The South African Nation is currently under Lockdown and a big question is how to approach bad debt during the lockdown.
Most businesses have ground to a halt and we are holed up on our homes waiting it out. Although some business can be done remotely, it is safe to say that no-one is running at full capacity at present in terms of input or output.
So how does a company go about chasing debtors in circumstances such as these? From both a moral and practical standpoint, we are facing difficulties. This article will address manners in which to approach the issue and keep face at the same time.
At the moment, the Courts are for the most part closed. The implications from a debt collection standpoint is that one cannot at this time issue any new summonses. The summons is the starting point for the debt collection litigation process and therefore this issue will inevitably cause delay in the entire collection process. What can still be done however, is to pursue the debt up to the point of summons and then just wait out the Lockdown in order to issue summons at the moment the Courts come into operation again.
The soft collection phase and preparation of summons legwork can be done in this time at the very least and will result in less time being wasted than only handing matters over only when Lockdown ends.
It is therefore advisable to companies to hand over bad debtors – especially those that were delinquent before the Lockdown – in this period to ensure that minimal time is wasted in the bigger scheme of things.
Proceeding as indicated above is ideal for debtors that either have defaulted before Lockdown, or regularly default. These debtors are in essence not created by the current circumstance.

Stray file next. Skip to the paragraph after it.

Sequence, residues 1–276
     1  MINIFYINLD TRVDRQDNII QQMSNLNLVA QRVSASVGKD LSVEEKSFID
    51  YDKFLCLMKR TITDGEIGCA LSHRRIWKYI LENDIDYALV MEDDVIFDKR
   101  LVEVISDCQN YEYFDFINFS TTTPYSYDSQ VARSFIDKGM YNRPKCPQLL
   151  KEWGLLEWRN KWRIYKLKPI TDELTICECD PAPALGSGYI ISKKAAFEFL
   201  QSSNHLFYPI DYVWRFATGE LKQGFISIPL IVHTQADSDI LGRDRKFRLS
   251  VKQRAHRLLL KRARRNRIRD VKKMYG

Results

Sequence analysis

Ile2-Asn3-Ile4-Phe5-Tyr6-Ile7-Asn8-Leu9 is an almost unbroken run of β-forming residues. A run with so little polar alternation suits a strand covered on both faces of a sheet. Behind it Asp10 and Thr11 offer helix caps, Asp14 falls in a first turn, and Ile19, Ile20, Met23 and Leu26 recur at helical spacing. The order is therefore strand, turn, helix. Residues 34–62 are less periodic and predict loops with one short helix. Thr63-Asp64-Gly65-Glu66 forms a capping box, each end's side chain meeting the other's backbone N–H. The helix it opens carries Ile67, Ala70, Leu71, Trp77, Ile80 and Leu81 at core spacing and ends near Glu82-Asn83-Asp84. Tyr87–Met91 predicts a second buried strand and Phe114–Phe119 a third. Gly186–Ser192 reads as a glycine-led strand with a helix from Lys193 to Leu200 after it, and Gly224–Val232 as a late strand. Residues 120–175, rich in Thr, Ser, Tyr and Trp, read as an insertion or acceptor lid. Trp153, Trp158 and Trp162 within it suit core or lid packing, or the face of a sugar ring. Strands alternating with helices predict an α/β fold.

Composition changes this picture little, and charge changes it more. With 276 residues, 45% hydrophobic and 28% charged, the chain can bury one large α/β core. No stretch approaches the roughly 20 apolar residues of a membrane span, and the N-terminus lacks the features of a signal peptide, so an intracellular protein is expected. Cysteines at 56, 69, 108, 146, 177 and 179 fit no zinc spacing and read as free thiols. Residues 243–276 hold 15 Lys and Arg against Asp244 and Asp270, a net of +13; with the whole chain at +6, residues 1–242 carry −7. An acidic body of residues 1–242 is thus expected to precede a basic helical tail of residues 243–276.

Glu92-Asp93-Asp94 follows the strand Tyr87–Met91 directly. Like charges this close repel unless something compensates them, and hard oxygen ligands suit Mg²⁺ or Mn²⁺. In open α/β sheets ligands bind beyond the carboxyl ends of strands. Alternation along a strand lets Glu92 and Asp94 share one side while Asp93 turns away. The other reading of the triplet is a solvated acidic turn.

How should you deal with debtors that are, as a result of the Lockdown and economic result thereof, now not in a position to settle their account?
Technically, you can still proceed with the soft collection and issue summons as soon as Lockdown is lifted, however this is morally not ideal. We have seen a massive trend of leniency towards debtors by especially the major banks and going in full force against debtors would just not be in the spirit of working together.
Companies cannot however all afford to give payment holidays or afford to write off dues, so what can it do in such circumstances? There are various methods you can use, such as
- Ask your debtor to sign an acknowledgement of debt and arrange repayment of the debt in instalments.
This will give the debtor more time to settle the indebtedness but safeguards the creditor’s claim.
Interest and costs of the documentation may be for the debtor’s cost, ensuring that the creditor does not lose out in the long run.
- Give discounts for immediate settlement of accounts.
Offer your debtors a discount should they settle their account in full. This will improve your cashflow but will also assist the debtor in improving its cashflow.
- Allow debtors to defer a payment or two and repay them over the next month or months.
April will likely be a hard month for all business. If you defer payment of the account for April and allow the debtor to pay same in equal parts in May and June for example, this will improve your debtor’s cashflow, but also does not negate your right to payment.
If you use any of the above mechanisms to assist debtors, make sure that the arrangement is properly formulated and agreed upon in writing. Also bear in mind that April may not be the only hard month, we may face an extension to the Lockdown and there will definitely be knock-on effects of the current Lockdown. It could very well be that your debtor may need more than a month or two reprieve and this must be considered when you decide on how you are able to accommodate debtors.